- Associated Press - Saturday, December 20, 2014

ST. CLOUD, Minn. (AP) - Jerry Hartsworm was the kind of firefighter who didn’t wait for the alarm.

When he heard over his pager that the nearby Freeport Fire Department was responding to a barn fire, he jumped into his truck and headed to the Melrose fire station, knowing his department likely would be called to help.

What happened that day eight months ago left Hartsworm changed, the St. Cloud Times (https://on.sctimes.com/1srizyQ ) reported. His physical injuries healed, but the mental scars he suffered have left him tormented and unable to work. Adding to the pain is the legal battle he’s faced to get the city’s insurance carrier to cover his medical expenses and lost wages.

For Hartsworm, 50, who spent four years as a volunteer on the Melrose Fire Department, life has become a daily struggle.

“Every one of us, when that pager goes off, we know there’s a possibility that we’re going to die,” he said. “And we accept the fact that we could die. But what I cannot accept is the fact that I’m discarded - that I didn’t get hurt the right way to be covered.”

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Hartsworm had always wanted to be a firefighter like his father, a lieutenant for the St. Cloud Fire Department. He remembers walking into the fire station as a kid, smelling soot and diesel, and being proud of his dad.

When Hartsworm moved with his wife, Cyndi, to Melrose to take a supervisor job at Jennie-O, one of the first things he did was join the fire department as a volunteer. Although firefighters sometimes had to respond to grisly car crashes or other tough situations, Hartsworm said he never had any difficulty.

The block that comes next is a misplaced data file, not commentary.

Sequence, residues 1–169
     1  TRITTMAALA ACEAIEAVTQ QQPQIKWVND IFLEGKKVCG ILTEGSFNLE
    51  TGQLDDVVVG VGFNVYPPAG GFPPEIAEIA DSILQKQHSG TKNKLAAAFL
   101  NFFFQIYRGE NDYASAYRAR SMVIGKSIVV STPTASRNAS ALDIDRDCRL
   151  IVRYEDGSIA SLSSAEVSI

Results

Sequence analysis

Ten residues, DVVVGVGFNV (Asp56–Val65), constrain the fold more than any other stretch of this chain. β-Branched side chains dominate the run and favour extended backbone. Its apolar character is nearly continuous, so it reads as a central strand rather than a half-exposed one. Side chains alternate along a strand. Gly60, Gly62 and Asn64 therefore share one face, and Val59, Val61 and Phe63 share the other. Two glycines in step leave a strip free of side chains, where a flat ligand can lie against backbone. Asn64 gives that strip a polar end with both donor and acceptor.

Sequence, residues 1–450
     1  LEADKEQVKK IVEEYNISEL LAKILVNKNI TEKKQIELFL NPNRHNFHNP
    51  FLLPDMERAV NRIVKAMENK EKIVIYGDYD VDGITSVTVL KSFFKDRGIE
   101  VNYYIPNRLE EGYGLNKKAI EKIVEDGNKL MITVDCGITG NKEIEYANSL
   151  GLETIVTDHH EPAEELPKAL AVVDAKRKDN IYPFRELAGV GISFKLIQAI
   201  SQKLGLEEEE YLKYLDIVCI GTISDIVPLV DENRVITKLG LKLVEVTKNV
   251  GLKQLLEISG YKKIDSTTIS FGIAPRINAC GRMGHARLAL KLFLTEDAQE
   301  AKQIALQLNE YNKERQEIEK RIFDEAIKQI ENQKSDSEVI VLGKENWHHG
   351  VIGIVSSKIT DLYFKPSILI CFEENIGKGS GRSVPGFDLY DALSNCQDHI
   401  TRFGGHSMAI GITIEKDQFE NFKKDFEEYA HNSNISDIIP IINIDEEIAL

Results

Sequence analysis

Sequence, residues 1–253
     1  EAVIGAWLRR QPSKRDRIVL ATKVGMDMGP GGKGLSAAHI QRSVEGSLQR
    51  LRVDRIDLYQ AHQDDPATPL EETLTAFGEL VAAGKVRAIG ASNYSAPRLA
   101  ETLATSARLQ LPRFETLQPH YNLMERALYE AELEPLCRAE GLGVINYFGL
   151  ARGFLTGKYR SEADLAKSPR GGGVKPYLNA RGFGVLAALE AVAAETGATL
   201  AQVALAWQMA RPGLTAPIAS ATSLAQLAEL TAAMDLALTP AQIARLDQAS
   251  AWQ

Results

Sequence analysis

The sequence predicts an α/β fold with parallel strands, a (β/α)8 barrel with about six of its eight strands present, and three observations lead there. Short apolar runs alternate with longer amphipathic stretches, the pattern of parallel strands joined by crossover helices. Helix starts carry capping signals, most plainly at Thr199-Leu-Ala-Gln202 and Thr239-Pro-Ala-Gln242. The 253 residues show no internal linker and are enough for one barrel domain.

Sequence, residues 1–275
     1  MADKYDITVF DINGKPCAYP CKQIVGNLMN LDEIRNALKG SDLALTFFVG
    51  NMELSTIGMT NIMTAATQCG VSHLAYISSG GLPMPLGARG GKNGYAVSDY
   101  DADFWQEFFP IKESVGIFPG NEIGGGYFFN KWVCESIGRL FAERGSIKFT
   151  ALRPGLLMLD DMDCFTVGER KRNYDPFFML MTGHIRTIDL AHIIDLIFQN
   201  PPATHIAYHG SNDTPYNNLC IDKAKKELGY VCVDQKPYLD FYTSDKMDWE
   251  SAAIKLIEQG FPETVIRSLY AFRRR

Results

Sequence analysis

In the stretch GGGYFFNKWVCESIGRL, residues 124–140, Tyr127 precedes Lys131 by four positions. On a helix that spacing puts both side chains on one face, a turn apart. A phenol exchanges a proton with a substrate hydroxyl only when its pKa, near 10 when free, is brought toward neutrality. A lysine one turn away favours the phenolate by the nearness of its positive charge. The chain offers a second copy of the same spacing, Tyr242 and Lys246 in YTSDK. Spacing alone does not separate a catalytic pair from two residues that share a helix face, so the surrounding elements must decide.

“Every dirty job that they had, I wanted to experience everything, so I did,” he said. “We had some real nasty calls and stuff, but I wanted to be in the middle of it. It didn’t bother me a bit.”

It was a warm, windy evening on May 3 when a large hay barn in Oak Township caught fire. Hartsworm was on one of the first Melrose fire trucks to arrive at the farm. The barn was already blazing, the air brownish with smoke.

He helped pour water onto the flames from a heavy hose for more than an hour. As they prepared to move the line, Hartsworm went back to his truck, hot and exhausted.

After a rest and a drink, Hartsworm joined other firefighters who were taking off sheets of metal covering the old barn to get at the flames. He and two others prepared to enter the barn. The assistant chief told him to put on his air pack in case the wind shifted, so he did.

Hartsworm was about 20 feet into the barn when he grabbed a large sheet of metal and handed it outside. He reached for the next one, looked up and saw the south end of the barn coming down.

The next thing he knew, Hartsworm was face down with fire all around him. He guesses he might have been knocked unconscious. He got on his knees and started crawling the way he had come in.